Lebanon is located 30 miles east of Nashville, in central Tennessee. Lebanon saw 6.9 percent growth in the working-age population between 2009 and 2011. Major industries in Lebanon include Performance Food Group, GENCO and Cracker Barrel, which is headquartered in the city. The Italian plastics company SO.F.TER has recently selected Lebanon as the location of their U.S. headquarters and manufacturing plant. Lebanon is home to Cumberland University, which provides programs on professional development such as their Business Owner Series, Business Application Computer Training courses and Real Estate Fundamentals.
Clarksville is the seat of Montgomery County, in northern Tennessee, and it is the fifth-largest city in the state by population. The city saw 8.4 percent growth in the working-age population between 2009 and 2011. Clarksville’s top employers include Convergys Corporation, Gateway Medical Center and Trane. Austin Peay State University offers a Continuing Education program that allows everyone in the community to obtain additional training through night and online classes – it even has a nighttime childcare center for their students with young children.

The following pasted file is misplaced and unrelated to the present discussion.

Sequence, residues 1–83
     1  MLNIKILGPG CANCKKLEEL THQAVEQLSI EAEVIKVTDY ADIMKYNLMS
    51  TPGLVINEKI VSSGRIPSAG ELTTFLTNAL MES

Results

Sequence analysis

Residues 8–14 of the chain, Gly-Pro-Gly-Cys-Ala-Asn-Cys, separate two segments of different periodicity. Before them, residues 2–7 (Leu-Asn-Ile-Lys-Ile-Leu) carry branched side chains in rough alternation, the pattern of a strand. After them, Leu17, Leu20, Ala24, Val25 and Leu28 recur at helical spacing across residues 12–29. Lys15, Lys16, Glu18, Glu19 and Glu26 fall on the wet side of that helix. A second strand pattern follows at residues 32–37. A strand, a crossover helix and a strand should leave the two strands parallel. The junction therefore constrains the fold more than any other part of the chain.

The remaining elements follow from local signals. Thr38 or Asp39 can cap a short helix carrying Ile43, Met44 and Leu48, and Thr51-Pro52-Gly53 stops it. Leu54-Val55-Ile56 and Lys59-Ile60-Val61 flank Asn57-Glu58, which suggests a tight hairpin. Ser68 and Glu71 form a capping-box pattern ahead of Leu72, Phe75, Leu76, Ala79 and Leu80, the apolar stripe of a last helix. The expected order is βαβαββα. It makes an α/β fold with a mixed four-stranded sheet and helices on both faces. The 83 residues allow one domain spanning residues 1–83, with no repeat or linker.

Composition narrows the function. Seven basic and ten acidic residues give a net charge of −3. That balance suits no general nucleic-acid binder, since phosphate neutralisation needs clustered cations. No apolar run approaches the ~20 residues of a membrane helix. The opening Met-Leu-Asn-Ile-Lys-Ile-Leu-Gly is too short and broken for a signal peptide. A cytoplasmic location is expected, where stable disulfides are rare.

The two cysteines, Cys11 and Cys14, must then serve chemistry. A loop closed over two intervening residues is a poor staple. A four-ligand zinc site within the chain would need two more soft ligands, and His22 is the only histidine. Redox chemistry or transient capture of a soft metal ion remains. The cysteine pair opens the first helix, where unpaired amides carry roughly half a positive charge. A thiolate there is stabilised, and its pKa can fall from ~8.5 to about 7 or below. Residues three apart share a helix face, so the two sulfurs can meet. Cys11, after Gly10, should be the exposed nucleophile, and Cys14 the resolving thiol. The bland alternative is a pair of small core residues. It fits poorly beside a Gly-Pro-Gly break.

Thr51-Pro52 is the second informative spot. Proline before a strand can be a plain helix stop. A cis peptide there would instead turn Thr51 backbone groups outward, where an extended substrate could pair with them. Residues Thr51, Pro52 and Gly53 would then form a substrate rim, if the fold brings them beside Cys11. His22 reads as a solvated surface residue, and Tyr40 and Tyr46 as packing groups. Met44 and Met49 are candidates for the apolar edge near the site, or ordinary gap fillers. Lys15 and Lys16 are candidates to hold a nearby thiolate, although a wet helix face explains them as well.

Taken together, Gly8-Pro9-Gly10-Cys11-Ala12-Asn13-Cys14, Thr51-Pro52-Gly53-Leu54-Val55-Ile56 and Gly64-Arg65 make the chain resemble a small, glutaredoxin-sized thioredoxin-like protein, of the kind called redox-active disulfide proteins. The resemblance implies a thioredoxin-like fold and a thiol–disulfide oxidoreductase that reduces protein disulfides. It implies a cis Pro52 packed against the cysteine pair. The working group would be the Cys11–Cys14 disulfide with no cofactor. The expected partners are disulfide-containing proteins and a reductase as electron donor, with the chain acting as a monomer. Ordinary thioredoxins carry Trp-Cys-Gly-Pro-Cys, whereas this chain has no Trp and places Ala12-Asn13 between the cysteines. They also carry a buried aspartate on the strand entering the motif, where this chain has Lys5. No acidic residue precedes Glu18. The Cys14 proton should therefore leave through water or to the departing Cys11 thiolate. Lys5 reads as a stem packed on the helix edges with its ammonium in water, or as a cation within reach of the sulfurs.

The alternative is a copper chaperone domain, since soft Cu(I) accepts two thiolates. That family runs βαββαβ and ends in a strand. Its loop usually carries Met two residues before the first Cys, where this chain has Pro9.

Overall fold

|Rank||City||Nearest Big City||Working-Age Population Change (2009 to 2011)||Median Household Income (2011)||Monthly Homeowner Costs (2011)||Unemployment Rate (2013)||Overall Score|
The overall score for each city was derived from the following measures:
- Population change from 2009 to 2011 from the U.S. Census (2009 and 2011 U.S. Census Bureau’s American Community Survey (ACS))
- Median household income from the U.S. Census (2011 ACS, half-weighted)
- Monthly homeowner costs with mortgage payments from the U.S. Census (2011 ACS, half-weighted)
- Unemployment rate from the Bureau of Labor Statistics (2013)
27 communities designated as places by the U.S. Census were included in this analysis. Only places with a working-age population greater than 20,000 were considered.
Photo Credit: Nashville Skyline by Kyle Simourd